Stallings APF: No, sir. No, this does not apply to small towns that have a residency requirement for the situation you just explained. If like I said, the example of the city of Paragould, they have their daytime staff, and then they have guys who have to respond if they have an incident. And so they have to live within a certain radius because they have to respond in a certain time. This does not apply to them. This would not affect them in any way.


Rep McGrew: So a smaller city can have a– you have to live within so many miles and that would be allowed under this bill?


Stallings APF: Yes, sir. That is a condition that currently exists in Arkansas. It’s fairly common. It would not affect that.


Rep McGrew: Thank you.


Rep L Fite: Representative Cavenaugh, you’re recognized.


Rep Cavenaugh: Thank you, Mr. Chair. I just want to make sure when Representative Whitaker was asking the question about what cities does it affect? You never came up with city. What cities will this affect? What cities already currently that this bill is designed to address restricts the residency?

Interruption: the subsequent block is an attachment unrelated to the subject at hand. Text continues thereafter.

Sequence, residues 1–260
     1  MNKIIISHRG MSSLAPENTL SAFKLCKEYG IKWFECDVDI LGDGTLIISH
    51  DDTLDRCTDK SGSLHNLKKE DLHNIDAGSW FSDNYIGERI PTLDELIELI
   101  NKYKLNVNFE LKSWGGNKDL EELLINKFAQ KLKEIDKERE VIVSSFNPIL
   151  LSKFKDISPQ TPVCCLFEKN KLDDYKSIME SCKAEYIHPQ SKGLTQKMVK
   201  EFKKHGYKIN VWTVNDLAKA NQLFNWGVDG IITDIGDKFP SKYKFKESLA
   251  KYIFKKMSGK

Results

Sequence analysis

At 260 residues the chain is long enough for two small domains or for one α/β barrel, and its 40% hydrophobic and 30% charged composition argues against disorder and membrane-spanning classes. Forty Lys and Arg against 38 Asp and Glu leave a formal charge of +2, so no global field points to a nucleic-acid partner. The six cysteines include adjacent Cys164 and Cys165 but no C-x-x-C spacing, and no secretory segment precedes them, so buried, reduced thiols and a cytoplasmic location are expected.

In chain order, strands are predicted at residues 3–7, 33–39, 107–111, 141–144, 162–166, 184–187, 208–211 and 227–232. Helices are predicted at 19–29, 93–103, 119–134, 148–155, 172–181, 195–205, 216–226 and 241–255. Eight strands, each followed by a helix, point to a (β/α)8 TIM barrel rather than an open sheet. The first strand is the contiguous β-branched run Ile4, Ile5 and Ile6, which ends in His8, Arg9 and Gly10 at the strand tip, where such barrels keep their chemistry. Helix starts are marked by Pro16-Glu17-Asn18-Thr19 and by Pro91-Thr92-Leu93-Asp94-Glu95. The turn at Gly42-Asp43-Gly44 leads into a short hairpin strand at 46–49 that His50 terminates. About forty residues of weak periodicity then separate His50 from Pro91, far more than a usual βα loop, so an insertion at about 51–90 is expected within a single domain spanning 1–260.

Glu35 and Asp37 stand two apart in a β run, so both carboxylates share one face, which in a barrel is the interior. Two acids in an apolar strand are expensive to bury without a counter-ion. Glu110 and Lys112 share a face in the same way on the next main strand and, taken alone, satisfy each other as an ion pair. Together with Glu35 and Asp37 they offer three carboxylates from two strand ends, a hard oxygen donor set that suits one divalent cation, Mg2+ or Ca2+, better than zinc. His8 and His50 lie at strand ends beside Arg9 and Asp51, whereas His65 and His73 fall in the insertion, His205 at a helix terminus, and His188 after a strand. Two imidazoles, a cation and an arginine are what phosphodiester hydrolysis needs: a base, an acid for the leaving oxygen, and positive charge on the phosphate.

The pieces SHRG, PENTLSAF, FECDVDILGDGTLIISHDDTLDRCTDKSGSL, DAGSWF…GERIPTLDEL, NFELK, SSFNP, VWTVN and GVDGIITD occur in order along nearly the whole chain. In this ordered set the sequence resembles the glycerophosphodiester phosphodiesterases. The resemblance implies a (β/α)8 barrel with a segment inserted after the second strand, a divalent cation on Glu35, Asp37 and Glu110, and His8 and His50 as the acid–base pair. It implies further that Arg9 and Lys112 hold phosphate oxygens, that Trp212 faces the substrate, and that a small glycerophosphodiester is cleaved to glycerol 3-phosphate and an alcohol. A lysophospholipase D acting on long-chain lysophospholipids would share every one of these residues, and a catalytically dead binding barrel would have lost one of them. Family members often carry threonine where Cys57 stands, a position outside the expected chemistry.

Rep Andrews: I was told of an issue a certain time period to go. There was a firefighter who was hired on– he lived in Conway, and he got hired on in El Dorado. El Dorado has since lifted their resident requirement, but he was showing to work every day, doing his job very well, but they terminated him about two or three months after they hired him because they found out he lived in Conway. El Dorado has since lifted their residency requirements.


Stallings APF: Yeah, and that is a good example. I mean, it’s a situation where that’s not an ideal commute, but if he’s showing up to work on time and he does a good job, that’s all that matters.


Rep Cavenaugh: Okay, but the bottom line is they lifted their restrictions. So this bill does not apply to them because they have no restriction. So what town currently restricts? That’s what I’m asking. Why are we need this bill if there’s no town doing it?